Synaptic function is critical for the brain to process experiences dictated by the environment requiring change over the lifetime of the organism. Experience-driven adaptation requires that receptors, signal transduction pathways, transcription and translational mechanisms within neurons respond rapidly over its lifetime. Adaptive responses communicated through the rapid firing of neurons are dependent upon the integrity and function of synapses. These rapid responses via adaptation underlie the organism's ability to perceive, learn, remember, calculate and plan. Glutamate, the endogenous neurotransmitter required for physiological excitation in the brain, is critically involved in neuronal adaptive responses and in the pathophysiology of neurodegenerative disorders. Using neuronal experimental systems, we will discuss how compounds with low dose effects mediated via glutamate receptors can result either in a neuroprotective or neurotoxic response. Because the brain has evolved to respond rapidly to environmental cues, exposure of neurons to stressful stimuli can result in a pivotal response toward either synaptic adaptation or dysfunction and neuronal cell death. Understanding how neurons adapt to stressful stimuli will provide important clues toward the development of strategies to protect the brain against neurodegeneration.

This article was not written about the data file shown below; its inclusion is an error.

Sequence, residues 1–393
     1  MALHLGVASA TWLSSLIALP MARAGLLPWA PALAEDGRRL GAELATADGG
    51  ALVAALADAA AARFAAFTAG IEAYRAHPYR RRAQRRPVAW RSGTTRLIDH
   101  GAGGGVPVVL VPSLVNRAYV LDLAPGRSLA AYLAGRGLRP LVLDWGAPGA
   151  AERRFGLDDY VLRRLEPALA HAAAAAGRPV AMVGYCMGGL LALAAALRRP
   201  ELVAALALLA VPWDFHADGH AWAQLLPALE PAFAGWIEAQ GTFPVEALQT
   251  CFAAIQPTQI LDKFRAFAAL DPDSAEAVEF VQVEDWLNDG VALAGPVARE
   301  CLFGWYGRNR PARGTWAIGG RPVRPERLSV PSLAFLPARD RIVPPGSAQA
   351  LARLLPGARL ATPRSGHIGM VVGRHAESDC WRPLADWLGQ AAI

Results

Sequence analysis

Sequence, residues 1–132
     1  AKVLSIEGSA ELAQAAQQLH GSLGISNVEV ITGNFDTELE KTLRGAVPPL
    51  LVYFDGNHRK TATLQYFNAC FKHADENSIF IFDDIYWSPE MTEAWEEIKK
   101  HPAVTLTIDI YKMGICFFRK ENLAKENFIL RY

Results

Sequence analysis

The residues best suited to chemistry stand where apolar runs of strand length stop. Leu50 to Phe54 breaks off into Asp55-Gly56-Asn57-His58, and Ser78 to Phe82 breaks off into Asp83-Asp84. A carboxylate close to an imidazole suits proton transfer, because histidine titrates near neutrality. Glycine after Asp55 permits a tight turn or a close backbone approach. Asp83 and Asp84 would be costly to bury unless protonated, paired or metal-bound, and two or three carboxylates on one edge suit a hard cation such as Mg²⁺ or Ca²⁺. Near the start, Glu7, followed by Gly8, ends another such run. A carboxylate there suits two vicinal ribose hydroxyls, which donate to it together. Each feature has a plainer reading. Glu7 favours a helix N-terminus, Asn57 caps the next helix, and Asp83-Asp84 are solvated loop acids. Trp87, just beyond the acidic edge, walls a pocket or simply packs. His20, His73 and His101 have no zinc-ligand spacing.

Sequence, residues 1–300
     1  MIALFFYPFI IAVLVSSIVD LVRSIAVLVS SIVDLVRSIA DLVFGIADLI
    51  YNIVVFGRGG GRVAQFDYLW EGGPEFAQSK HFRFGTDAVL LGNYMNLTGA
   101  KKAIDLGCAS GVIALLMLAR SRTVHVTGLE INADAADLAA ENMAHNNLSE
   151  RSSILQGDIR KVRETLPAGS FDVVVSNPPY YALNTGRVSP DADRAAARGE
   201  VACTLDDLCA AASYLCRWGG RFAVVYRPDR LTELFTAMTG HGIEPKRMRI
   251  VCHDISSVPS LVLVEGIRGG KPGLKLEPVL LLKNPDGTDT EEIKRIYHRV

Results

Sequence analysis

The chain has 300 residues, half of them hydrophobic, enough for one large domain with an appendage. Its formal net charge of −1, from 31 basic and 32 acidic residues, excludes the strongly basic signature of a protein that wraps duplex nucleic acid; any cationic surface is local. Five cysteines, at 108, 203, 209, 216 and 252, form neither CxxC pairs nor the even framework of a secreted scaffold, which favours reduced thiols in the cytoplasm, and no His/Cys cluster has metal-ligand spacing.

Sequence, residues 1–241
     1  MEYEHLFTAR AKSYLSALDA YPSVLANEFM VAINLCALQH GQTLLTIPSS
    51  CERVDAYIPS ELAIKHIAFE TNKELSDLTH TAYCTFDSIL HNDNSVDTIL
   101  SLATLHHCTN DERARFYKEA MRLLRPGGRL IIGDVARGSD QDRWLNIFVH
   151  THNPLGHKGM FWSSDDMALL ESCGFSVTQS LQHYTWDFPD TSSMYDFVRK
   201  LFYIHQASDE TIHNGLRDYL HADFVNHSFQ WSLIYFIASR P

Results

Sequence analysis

Keywords: BDNF; basic helix loop helix B2; neurons; neuroprotection; palytoxin; rat.